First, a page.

La Makila, Basque Walking Stick

By Simona Palenga

For the first time, this week, I got to see with my own eyes a medlar tree. The fruits are slowly growing and will be ready to be harvested ripe, only in autumn.

In the Basque Country, this tree is not valued as much for its fruits, but rather for its wood, used to create the typical stick of the region, la makila.

Its origin goes back various centuries and its manufacturing process starts right in the forest, while the branch is still attached to the tree.

It is quite fascinating how an artisan carves over the warm months the branch so that the overflowing sap produces a design. The branch will only be cut in winter when the decoration of the stick has naturally appeared.

The fine work is done with heat, to smooth and straighten the wood.
Braided leather is used to cover the handle that is then topped by a metal grip and a horn knob.

The tip that touches the ground is made of steel. The handle hides a point made also of steel, that might comes in handy while walking the mountains and encountering wolves or bears (for example).

The metal parts have traditional Basque motifs and are used for an engraved short dedication.

These sticks are usually offered as a gift to mark an important event, be it the coming of age of a youngster or visit of a president to the region (Reagan was offered one as well as Pope John Paul II).

Saints de Glace

by Simona Palenga

After a few days of grey sky, we almost forgot it is already late spring.

The temperature dropped considerably last weekend and only since Thursday, it is going slowly up, back to the usual for this time of the year.

It is no surprise for the French, we just left behind the ‘Ice Saints’!

Despite being a pretty secular society, they can’t help but trust Saint-Mamertus, Saint-Pancras and Saint-Servatius, 11th, 12th and 13th of May. Respectively, these days are considered as the last ones that might bring nightly frosts and only after these three days it is safe to plant in the garden the most sensible plants: tomatoes, peppers, zucchini and pumpkins.

Saint Mamertus, who lived in the 5th century, is the only one with a real connection to the farming world: he’s the founder of the rogations, processions followed by prayer, that farmers hold on to for good crops (read more here).

I have always looked at this tradition with skepticism, and this year, I decided I trusted the weather forecast better than medieval beliefs.

Winter has been particularly mild, so I planted my tomatoes two weeks back… along with every other single sprout I had worked on since late February.

Well, the curse of the Saints took a modern twist, sending hail for 10 minutes, followed by 36 hours of intense rain. In total, 24 of my tomato plants ended up like Marie Antoinette, decapitated by ice.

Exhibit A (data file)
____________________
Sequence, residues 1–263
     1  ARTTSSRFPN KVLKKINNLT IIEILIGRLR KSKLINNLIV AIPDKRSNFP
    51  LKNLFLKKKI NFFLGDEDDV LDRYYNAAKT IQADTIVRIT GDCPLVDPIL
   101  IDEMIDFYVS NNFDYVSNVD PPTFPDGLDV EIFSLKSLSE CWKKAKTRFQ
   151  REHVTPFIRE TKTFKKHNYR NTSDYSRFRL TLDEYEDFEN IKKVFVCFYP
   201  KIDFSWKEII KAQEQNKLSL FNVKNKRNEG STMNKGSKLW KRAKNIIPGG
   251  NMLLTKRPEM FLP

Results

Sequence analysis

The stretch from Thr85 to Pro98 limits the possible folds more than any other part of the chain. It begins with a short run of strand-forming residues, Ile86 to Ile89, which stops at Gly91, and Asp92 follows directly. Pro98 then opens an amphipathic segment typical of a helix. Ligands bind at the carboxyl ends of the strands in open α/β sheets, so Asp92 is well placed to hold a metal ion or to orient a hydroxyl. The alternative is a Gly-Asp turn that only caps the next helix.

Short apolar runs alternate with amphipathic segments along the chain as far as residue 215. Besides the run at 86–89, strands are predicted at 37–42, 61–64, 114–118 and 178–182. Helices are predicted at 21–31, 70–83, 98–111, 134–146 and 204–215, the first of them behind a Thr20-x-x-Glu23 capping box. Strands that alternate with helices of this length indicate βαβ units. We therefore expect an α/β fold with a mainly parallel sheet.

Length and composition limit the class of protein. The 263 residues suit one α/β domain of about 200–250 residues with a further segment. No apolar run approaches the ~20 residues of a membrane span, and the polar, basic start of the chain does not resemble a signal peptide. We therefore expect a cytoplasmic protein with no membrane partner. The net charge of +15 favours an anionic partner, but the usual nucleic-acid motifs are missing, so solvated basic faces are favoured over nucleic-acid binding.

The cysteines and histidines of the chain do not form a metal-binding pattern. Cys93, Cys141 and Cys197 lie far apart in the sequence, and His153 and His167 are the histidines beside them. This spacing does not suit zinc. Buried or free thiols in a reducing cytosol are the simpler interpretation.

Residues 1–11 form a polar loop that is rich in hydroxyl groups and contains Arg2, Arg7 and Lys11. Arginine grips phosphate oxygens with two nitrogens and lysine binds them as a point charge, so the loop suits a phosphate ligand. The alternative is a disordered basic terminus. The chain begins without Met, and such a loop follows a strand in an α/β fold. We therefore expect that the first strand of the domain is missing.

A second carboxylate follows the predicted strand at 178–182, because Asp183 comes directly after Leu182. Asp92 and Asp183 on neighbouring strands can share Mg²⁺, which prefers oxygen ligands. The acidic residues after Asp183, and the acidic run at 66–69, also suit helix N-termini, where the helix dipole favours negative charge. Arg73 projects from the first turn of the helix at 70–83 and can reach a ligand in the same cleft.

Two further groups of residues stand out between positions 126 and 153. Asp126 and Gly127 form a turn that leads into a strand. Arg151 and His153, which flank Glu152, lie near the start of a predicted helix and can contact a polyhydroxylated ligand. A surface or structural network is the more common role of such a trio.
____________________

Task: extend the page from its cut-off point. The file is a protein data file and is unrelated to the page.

If you are in the countryside, you will find French who decided to take a slow pace towards de-confined life, happily bent over, in their veggie patches, planting tomatoes and marigolds.

Mammertus

An engraving of Saint Mamertus from an 1878 book, Little Pictorial Lives of the Saints @wikipedia

Bullflighting in Southwest France, Corrida

When we lived in Barcelona we would often take visitors to the beautiful old bullring, La Monumental, which had been disused since the region of Catalonia banned bullfighting in 2010. A small museum shows the costumes of some of the matadors and the heads of a few prized animals. The gift shop has old posters and figurines. After nearly 100 years in use for the corrida, it is now used as a site for food truck and music events.

During tours of La Boqueria (old covered market in Barcelona), I would mention how years ago you could find bull meat after a fight. It was considered a delicacy, although the meat itself was tough and needed stewing for hours if not days. There are still some restaurants serving bull meat, but it’s a rare occurrence. One might be able to argue that in this case, the death of an animal was not in vain.*

Bullrings are found in only 10% of French territory and mainly in the South of France. In Captieux, about 20 minutes from Bazas, there is a small bullring used in the amateur bullfighting circuit every year for the Rugby y Toros. Some big names have passed through this arena, like El Juli, while others started here on their way to matador stardom.

They still use this ring – and it’s brutal. A lot of missed and failed attempts to quickly down the bull occurred during my short time there. The horses, covered in thick quilted blankets were charged. Here, in the end, the animal is not used for human consumption. A man I spoke with argued the meat is too tough and not worth it. There was a journalist next to me and we both kept looking around at the people cheering, some as young as five years old.

Cultural differences and traditions aside, I’m actually incredibly surprised that the French government still allows this to happen anywhere. There are alternatives where animals are not hurt, which embrace the corrida and are equal part arts and athleticism, like the Basque Country recortadores.

Invisible Bordeaux wrote an article on the local Bordeaux bullrings, if you want to read here. For more information on the anti-bullfight movement in France, read here.

*I only mention this to show what could be the natural progression for an animals life in such circumstances, not to simplify what is an incredibly delicate discussion (all that to say, I am against bull fighting).